The highs and lows of Eugene Downes in Kilkenny
He brought an opera focus to Kilkenny Arts Festival, but new music was neglected
Eugene Downes: his weaknesses in Kilkenny were as clear as his strengths. Photograph: Bryan Meade
The curtain has fallen, and the Eugene Downes years at Kilkenny Arts Festival have come to an end. Musically, Downes left as he had started, with an extended focus on the smaller-scale work of a major master. This year it was the chamber and piano music of Brahms in a series titled Brahms in the Afternoon. Previous years had dealt with Beethoven, Bach, Mozart and Schubert, in a coupling with Handel.
He also brought to the festival a focus on opera which it hadn’t had since 1995, when Robert Houlihan conducted the Savaria Symphony Orchestra from Hungary, with Hungarian soloists, in a concert performance of Bartók’s dark opera, Bluebeard’s Castle.
Downes’s interest in opera extended to concert performances (Handel’s Acis and Galatea, Mozart’s Idomeneo and Handel’s Giulio Cesare) as well as staged productions (Opera Theatre Company’s double bill of Poulenc’s The Human Voice with Wolf-Ferrari’s Susanna’s Secret).
This year provided the climax in Patrick Mason’s Opera Collective Ireland production of Monteverdi’s The Return of Ulysses, with the period instruments of the Akademie für Alte Musik Berlin. This production will also be seen at the Pavilion Theatre in Dún Laoghaire next month, with performances on Friday 7th and Saturday 8th.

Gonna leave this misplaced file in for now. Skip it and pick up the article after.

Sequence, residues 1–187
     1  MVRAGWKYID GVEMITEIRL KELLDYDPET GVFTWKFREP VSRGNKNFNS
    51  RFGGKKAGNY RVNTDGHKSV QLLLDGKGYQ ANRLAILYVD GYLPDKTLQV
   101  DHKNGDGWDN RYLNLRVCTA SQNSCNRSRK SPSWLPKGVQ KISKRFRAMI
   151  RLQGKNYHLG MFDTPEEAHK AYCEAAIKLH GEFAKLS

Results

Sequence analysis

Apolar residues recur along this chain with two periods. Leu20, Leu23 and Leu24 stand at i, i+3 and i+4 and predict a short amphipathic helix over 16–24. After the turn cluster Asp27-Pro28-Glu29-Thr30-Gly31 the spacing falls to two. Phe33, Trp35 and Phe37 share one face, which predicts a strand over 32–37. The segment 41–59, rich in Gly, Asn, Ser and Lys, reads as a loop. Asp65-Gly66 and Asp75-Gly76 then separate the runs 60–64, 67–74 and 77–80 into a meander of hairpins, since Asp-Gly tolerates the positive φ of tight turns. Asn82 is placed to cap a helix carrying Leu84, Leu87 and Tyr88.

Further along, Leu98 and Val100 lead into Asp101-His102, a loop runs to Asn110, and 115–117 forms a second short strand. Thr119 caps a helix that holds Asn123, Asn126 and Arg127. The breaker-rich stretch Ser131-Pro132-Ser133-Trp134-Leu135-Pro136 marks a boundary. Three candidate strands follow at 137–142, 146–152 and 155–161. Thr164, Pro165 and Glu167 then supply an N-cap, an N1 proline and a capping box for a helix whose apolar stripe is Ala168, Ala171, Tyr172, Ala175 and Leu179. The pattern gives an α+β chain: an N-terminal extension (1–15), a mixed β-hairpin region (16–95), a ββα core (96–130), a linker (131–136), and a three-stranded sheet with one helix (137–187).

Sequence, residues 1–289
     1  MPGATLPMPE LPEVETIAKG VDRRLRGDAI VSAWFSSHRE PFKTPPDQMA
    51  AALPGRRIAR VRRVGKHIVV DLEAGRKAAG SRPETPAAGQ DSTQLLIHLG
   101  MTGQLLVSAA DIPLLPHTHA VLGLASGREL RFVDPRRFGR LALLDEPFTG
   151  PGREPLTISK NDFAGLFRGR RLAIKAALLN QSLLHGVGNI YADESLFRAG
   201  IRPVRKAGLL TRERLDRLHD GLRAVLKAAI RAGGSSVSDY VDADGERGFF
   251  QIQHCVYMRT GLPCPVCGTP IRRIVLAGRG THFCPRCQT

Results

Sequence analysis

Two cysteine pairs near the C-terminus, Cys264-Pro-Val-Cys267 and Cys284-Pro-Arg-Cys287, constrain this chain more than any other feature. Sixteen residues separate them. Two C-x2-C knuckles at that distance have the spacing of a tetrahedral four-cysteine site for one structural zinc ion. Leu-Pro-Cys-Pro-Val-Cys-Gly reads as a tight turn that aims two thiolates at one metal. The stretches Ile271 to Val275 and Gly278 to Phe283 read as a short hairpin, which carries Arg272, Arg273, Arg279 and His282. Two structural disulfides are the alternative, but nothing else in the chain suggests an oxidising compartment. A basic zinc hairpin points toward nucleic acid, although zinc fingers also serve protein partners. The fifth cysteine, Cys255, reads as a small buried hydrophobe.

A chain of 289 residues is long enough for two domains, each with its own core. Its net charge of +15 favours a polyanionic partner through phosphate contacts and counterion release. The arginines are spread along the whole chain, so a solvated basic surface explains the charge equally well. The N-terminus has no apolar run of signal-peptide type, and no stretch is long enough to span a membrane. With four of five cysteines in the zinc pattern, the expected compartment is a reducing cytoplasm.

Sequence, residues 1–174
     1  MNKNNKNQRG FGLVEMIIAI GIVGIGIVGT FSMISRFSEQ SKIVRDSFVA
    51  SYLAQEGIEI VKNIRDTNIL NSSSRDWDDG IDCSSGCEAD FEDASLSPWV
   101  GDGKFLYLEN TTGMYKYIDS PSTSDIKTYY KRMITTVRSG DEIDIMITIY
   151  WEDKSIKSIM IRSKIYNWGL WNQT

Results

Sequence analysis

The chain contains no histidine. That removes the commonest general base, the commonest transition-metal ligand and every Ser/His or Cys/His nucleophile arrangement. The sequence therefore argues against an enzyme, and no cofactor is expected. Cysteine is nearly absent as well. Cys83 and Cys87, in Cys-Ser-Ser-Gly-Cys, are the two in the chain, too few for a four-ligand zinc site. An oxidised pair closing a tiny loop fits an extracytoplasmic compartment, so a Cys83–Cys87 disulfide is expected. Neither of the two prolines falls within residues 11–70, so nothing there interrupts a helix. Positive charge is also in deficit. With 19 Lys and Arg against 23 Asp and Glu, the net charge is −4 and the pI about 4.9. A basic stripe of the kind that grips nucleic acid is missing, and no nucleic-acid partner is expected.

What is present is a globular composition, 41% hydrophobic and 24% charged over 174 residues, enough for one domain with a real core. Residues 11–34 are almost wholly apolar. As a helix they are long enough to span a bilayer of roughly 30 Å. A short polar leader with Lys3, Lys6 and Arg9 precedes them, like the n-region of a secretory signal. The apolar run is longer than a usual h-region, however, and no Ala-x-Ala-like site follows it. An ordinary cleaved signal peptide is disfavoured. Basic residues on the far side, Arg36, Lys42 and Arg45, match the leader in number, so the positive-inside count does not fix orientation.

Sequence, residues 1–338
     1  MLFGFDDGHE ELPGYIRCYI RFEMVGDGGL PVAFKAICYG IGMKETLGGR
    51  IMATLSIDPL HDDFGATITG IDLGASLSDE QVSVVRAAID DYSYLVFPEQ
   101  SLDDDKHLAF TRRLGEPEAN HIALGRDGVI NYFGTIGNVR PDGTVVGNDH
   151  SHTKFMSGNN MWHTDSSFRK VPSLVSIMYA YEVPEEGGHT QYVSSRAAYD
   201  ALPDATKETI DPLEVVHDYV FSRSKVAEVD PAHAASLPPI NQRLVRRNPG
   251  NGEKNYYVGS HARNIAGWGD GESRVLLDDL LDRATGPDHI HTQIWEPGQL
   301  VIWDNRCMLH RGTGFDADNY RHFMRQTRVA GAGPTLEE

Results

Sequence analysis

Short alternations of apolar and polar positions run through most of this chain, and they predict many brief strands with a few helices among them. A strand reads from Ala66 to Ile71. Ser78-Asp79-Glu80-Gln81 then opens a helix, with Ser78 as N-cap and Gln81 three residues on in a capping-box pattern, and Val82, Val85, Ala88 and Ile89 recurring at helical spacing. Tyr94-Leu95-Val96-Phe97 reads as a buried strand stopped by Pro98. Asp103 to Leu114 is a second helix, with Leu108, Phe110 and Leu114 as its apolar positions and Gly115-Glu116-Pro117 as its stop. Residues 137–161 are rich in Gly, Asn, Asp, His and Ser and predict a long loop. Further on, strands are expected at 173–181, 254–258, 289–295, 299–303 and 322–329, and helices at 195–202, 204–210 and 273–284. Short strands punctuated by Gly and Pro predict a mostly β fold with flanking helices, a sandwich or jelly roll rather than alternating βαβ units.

Musically speaking, the extended composer focuses added a new dimension to concert life in Ireland. In this regard Downes was following the lead of Francis Humphrys of the West Cork Chamber Music Festival, who in the early years of the century presented a number of mini-festivals at Easter.
In 2000 Humphrys offered the complete Shostakovich string quartets at Bantry House, played by the legendary Borodin Quartet (some of whose members had actually worked with Shostakovich), and in later years the complete Beethoven piano sonatas and the major piano sonatas of Schubert, with each of the piano strands shared between a number of performers.
But those West Cork series were far from the scale of Downes’s Kilkenny undertakings. Just take this year’s Brahms focus for a comparison. A total of 24 works by Brahms were performed at Kilkenny over 10 days. The West Cork Chamber Music Festival took a full six years to reach that total.
Downes has at this stage picked a lot of the low-hanging fruit in terms of extended chamber music series. It will be interesting to see if his successor, Olga Barry, will attempt to follow the path that he so successfully opened up.
Downes’s weaknesses in Kilkenny were as clear as his strengths. In his first two years he did not programme a single work by a living composer, and he never gave the impression that new music featured in his thinking other than as an inconvenient chore, with choices being best left in the hands of performers. And in spite of the gender balance issues that have been convulsing the arts world for some years now, you won’t find a single work by a female composer mentioned in the programme of the 2018 festival. No doubt Downes will don a sackcloth to attend every single event in the National Concert Hall’s upcoming Female Composer series.